Since the polymerization reaction is exothermic, the heat of polymerization is as a rule removed with the aid of a cooling apparatus, which, for example, can be operated with liquid ammonia as coolant. Another possibility of removing the heat of polymerization is by evaporative cooling. The heat liberated is removed by the evaporation of the isobutene and/or other readily volatile components with the isobutene feed stock or any readily volatile solvent, such as ethane, propane or butane, with the result that the temperature remains constant.

In principle, any desired isobutene conversion can be established. However, it is self-evident that, at very low isobutene conversions, the cost-efficiency of the process is doubtful, whereas, at very high isobutene conversions of more than 99%, the danger of double bond shifts or incorporation of oligomers or of n-butene, if this is present in the feed, will constantly increase and shorten reaction times, i.e. improved heat removal, will be absolutely essential. For these reasons, the isobutene conversion is usually from 20 to 99%, and particularly preferably from 90 to 98%. Surprisingly, at these high isobutene conversions and using the novel catalyst system, double bond shifts take place only to a small extent and the polymer obtainable still contains more than 80 mol % of terminal vinylidene groups. To produce polyisobutene having more than 90 mol % of terminal double bonds, an isobutene conversion of up to 99%, preferably from 90 to 99%, in particular from 94 to 99%, is preferably established (with a feed having an isobutene concentration of at least 50% by weight).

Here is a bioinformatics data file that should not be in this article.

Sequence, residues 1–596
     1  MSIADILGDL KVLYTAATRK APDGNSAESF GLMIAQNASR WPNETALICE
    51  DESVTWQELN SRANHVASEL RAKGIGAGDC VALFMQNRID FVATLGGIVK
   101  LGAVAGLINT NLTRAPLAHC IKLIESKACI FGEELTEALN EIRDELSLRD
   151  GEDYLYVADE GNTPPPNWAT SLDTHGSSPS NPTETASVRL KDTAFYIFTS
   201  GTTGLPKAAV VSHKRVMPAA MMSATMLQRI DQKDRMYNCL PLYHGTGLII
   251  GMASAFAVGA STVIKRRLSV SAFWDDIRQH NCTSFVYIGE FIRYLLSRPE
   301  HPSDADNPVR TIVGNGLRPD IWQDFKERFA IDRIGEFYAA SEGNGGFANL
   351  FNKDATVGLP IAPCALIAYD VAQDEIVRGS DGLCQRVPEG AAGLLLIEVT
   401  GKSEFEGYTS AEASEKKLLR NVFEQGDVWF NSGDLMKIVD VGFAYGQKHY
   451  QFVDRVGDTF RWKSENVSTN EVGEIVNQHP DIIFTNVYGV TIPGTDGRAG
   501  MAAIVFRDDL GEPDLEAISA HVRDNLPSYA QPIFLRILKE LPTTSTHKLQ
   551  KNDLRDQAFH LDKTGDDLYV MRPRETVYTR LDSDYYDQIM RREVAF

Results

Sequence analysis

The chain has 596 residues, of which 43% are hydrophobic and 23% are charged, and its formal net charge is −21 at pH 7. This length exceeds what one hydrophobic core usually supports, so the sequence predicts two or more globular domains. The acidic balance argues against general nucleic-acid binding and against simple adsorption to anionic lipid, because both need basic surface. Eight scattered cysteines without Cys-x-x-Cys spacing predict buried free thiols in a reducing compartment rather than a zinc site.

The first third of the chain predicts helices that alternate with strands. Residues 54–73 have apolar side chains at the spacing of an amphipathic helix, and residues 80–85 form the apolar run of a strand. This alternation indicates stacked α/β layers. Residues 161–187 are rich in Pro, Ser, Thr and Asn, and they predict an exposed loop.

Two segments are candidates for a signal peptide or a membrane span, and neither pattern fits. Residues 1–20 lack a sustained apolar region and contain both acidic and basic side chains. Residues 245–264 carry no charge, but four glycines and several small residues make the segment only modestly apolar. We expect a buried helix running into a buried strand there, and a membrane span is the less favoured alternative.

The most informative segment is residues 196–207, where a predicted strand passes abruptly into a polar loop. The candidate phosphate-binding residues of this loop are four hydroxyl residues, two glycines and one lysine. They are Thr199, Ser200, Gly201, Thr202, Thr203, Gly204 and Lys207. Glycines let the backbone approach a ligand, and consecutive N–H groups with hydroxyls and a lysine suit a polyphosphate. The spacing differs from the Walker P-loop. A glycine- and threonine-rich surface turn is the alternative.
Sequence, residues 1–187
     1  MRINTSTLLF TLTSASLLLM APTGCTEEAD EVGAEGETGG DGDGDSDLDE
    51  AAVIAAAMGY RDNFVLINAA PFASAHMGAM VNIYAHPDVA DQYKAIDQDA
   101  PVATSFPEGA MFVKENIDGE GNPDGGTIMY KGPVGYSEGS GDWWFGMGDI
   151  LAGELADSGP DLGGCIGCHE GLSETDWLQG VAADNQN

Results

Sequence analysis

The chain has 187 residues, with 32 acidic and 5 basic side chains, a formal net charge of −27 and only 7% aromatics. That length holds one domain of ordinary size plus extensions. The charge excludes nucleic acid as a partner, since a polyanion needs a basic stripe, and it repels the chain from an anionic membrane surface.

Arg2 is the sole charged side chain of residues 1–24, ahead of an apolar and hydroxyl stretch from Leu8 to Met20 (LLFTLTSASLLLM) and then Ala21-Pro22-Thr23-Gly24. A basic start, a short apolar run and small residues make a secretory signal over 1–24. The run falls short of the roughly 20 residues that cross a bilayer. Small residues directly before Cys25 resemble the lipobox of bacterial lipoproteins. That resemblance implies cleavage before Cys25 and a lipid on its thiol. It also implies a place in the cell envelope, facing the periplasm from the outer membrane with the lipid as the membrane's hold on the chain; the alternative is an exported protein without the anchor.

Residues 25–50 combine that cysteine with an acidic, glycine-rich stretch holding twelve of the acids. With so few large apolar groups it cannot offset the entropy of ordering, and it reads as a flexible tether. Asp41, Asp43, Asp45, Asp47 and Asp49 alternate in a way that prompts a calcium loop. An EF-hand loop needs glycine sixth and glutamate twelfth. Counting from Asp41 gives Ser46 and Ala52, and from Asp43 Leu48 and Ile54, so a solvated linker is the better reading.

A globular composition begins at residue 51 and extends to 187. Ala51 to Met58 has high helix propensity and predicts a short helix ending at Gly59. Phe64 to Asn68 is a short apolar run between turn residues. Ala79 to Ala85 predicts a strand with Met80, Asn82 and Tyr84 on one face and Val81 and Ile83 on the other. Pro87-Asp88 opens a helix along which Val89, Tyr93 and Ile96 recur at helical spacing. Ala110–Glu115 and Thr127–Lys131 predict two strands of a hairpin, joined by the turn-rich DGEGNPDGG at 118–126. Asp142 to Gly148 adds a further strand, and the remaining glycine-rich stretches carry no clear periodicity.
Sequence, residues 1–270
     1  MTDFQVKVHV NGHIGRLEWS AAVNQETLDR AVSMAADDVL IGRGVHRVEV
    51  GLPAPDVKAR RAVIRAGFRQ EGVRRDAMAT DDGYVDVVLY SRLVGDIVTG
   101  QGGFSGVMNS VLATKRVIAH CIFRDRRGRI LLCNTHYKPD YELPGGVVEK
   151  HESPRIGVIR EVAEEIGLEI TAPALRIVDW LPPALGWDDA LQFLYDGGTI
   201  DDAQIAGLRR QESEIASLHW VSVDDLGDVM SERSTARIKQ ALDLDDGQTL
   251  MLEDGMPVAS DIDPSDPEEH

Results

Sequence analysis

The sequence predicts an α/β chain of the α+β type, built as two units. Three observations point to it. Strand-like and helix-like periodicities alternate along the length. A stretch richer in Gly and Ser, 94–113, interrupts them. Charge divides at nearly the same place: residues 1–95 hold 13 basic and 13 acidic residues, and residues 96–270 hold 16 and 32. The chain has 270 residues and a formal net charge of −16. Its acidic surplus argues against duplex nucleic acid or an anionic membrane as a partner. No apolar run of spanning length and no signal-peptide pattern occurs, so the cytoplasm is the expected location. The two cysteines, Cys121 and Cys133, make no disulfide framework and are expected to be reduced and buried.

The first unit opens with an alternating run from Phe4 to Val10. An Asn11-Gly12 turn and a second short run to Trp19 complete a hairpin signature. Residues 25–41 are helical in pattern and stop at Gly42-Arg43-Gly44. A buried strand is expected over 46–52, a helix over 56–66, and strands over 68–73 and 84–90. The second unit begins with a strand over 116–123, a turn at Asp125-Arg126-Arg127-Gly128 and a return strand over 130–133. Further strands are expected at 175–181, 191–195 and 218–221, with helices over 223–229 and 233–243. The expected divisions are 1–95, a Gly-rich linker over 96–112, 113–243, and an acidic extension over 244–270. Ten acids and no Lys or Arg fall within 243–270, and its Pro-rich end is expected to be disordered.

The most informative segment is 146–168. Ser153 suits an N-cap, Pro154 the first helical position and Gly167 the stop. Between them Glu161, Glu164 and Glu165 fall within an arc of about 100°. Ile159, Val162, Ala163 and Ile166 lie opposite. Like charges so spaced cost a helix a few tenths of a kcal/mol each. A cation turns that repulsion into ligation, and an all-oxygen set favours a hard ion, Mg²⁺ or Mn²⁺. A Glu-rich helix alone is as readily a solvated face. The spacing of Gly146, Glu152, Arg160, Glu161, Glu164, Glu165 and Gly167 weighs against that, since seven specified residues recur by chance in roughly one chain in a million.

The novel process can be carried out in one or more stages, the one-stage procedure being preferred. The reaction conditions described above are initially applicable for the first reaction stage, in which, as a rule, the isobutene is polymerized to a partial conversion of 95% if further polymerization stages are intended. In this case, the second and further polymerization stages are designed as described in WO 96/40808.